The Curmudgeon


Saturday, October 10, 2009

The Worm Dieth Not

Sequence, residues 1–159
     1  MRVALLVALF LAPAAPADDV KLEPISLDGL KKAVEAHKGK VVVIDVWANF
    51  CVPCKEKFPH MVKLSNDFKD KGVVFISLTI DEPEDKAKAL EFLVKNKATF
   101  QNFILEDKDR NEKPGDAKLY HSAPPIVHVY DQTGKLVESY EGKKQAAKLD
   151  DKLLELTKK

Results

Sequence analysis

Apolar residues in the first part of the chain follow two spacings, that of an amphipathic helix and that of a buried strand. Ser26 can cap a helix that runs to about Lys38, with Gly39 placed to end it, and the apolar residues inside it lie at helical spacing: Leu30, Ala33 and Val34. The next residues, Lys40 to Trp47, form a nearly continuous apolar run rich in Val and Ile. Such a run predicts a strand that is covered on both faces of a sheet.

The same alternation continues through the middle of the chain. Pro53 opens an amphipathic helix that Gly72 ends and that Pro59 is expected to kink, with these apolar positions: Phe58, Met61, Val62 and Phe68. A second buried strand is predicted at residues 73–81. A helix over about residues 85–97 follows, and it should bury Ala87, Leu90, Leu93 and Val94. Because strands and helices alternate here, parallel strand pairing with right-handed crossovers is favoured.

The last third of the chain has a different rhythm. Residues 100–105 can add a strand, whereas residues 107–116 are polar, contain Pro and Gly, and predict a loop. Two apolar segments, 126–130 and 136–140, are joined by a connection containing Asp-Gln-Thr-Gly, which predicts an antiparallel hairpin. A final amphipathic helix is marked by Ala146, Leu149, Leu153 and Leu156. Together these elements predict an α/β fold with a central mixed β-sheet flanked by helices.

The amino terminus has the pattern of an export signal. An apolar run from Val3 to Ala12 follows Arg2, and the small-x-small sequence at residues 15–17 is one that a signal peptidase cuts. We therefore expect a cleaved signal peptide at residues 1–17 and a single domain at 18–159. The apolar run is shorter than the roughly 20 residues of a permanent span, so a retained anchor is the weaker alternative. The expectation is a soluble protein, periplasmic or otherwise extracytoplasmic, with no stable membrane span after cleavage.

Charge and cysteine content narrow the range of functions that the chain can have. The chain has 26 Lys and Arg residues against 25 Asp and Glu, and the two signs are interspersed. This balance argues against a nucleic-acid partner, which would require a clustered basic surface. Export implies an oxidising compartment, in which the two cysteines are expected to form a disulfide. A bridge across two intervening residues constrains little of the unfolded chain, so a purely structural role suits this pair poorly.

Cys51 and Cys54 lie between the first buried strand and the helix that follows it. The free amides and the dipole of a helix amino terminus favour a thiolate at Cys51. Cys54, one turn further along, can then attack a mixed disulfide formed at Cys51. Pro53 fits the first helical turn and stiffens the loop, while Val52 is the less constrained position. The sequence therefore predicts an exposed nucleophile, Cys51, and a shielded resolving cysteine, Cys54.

And, speaking of moral courage, the Archbishop of Canterbury stood under the same roof with Tony Blair yesterday, doing something the former referred to as "reflecting on the human cost of seeking for justice". The quest to which Dr Williams referred was the war in Iraq; the human cost was the cost to members of the British armed services. Dr Williams gave two readings. The first was from a prophet of the god of Joshua, Jephthah and Ariel Sharon: "A time to kill and a time to heal ... a time to break down and a time to build up." The healing and the building up, said Dr Williams, have been at the heart of the efforts of our brave boys and girls. Why, after all, would a soldier want to kill anybody or destroy anything? The second reading was from a deutero-Pauline epistle about jihad and women's rights. Dr Williams noted that "there are visible enemies - a dictator, a terrorist", as Tony would agree; and that "we cannot say that no mistakes were ever made", with which Baha Mousa would undoubtedly concur; and that "it would be a very rash person who would feel able to say without hesitation, this was absolutely the right or the wrong thing to do, the right or the wrong place to be". It would certainly be too bad if the followers of a man who allowed himself to be crucified in the name of principle were to do anything rash. Observing that "the moral credibility of any country (sic) engaged in war" depends less on people who talk than on people who have guns, Dr Williams noted the virtue of obedience: "obedience that comes from recognising that others have been given a clear responsibility for certain difficult decisions"; which indicates that, should his Church still be in one piece when the Daveybloke administration reaches power, Dr Williams should have little difficulty in accommodating himself to Daveybloke's chums in the Latvian Waffen-SS fan club. A time to kill and a time to heal; a time for obeying orders and a time for self-exculpation. Dr Williams warned against "letting ends justify means, letting others rather than oneself carry the cost, denying the difficulties or the failures so as to present a good public face"; following which he again referred to the Iraq campaign as having something to do with healing, with building, with justice and with "seeking a better and more secure life for people who have suffered outrageously". It is, of course, quite true that for much of the Iraq campaign the Vicar of Downing Street had Gordon Brown for a next-door neighbour, and was subjected to some very uncharitable comments by some very rash people. Dr Williams equated the invasion of Iraq to "taking the world a little further out of barbarity and violence", and compared to Christ's "love and openness to the stranger" the business of a hired hand with a gun obeying orders for pay. Dr Williams ended on the possibility that there is "a time to let go of the satisfyingly overblown language that is so tempting for human beings when war is in the air", which was "perhaps" one of the lessons his own generation learned from past conflicts. Perhaps.


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